Five years ago, he said, delegates from 189 nations and thousands of women went to Beijing ``to right wrongs and promote rights.'' He expressed hope that this week's conference ``will put the world on notice that not only do women belong on this planet, but that the future of this planet depends on women.''
Human rights and women's activists are concerned, however, that the conference may roll back the gains from Beijing instead of moving forward. And the battle lines are looking very familiar to those at the 1995 Beijing conference: Women's activists and many democracies versus the Vatican and a handful of Islamic countries.
The Vatican and some Islamic countries object to the same proposals they did in Beijing--including sexual and reproductive rights for women, adolescent sex education and the definition of the family.
The conference is supposed to come up with innovative, practical ways to accelerate implementation of the 150-page platform for action adopted in Beijing. But U.N. High Commissioner for Human Rights Mary Robinson worried that the current review might weaken the agenda approved in Beijing.
``I think this review is...worrying because we're having difficulty holding on to the platform of Beijing, never mind moving much, much further as we need to,'' she said Sunday before speaking to about 1,000 women at a human rights symposium at Columbia University.
``I think the few (states) that don't want progress are very effective, and that's a problem,'' she said.
At Monday's opening of the special week-long General Assembly session, Annan cited progress in women's health and education, in making violence against women illegal, and above all in having more countries understand ``that women's equality is a prerequisite for development.''
``But at the same time, much remains to be done,'' Annan said, citing the widening gap between the earnings of men and women, the denial of women's inheritance rights, increasing violence against women despite legislation and ``a worldwide plague'' of trafficking of women and children.
Noting that girls account for two-thirds of the 110 million children who are not in school, he declared that education is the key to equality because it ``is both the entry point into the global economy and the best defense against its pitfalls.''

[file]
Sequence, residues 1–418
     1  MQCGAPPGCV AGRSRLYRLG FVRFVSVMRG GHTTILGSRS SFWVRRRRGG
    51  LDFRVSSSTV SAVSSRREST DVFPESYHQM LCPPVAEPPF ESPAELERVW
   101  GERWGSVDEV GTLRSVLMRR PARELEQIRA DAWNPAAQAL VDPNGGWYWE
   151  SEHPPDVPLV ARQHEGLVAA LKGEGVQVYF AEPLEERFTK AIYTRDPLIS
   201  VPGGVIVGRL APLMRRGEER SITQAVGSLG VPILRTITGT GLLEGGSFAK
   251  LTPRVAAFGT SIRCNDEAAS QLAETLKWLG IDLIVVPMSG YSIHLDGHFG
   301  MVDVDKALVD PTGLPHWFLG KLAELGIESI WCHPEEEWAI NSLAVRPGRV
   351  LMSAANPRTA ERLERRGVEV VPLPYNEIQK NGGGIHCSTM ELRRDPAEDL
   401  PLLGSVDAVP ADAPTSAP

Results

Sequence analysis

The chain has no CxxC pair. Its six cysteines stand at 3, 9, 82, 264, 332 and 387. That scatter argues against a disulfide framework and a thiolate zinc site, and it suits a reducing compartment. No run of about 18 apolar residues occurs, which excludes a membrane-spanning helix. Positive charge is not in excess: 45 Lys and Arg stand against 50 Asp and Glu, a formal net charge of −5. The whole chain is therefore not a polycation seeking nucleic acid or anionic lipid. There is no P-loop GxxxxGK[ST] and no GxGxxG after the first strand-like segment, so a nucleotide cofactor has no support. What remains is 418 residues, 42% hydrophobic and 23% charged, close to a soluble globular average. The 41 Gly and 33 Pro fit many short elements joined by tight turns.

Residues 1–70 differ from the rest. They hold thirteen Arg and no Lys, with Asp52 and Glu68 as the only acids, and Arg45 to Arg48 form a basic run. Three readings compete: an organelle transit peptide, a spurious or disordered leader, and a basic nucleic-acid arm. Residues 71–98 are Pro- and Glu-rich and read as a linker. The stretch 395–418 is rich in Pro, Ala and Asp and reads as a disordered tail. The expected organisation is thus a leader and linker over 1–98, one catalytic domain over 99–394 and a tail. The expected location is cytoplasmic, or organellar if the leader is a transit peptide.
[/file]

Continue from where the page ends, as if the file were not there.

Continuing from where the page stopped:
General Assembly President Theo-Ben Gurirab, who was elected president of the special session, stressed that government policies on gender equality and implementation of the Beijing platform ``cannot be an afterthought or remain simply at the level of political pronouncements or election ploy.''
``Resources for gender equality goals must be mobilized and utilized,'' he said.
``This special session must strive to live up to the expectations of billions of women in the world,'' he said. ``Let us not disappoint them.''
At Beijing, governments committed themselves to a platform that ran the gamut from promoting women's inheritance rights to calling on governments to provide equal education and employment and demanding that business and government put women in top decision-making posts.
In groundbreaking provisions, delegates also stated for the first time in a U.N. document that women have the right to decide freely all matters related to their sexuality and childbearing--an issue with which the Vatican and some Islamic countries disagree out of opposition to abortion or birth control.
More than 200 speeches are on the schedule for the special session. Parallel sessions for thousands of representatives of grass-roots groups will cover topics ranging from the effects of globalization on women to the role of men and boys in ending gender-based violence.
But the most important work will be going on behind closed doors, where negotiators will try to reach consensus on the final document.
Amnesty International's Secretary-General Pierre Sane accused Algeria, Libya, Iran, Pakistan and the Vatican of playing ``a very destructive role'' in negotiations on a final forward-looking document. Other delegates included Sudan on the list.
Both Robinson, the human rights commissioner, and Sane urged supporters of the Beijing platform to start pressuring governments to move forward.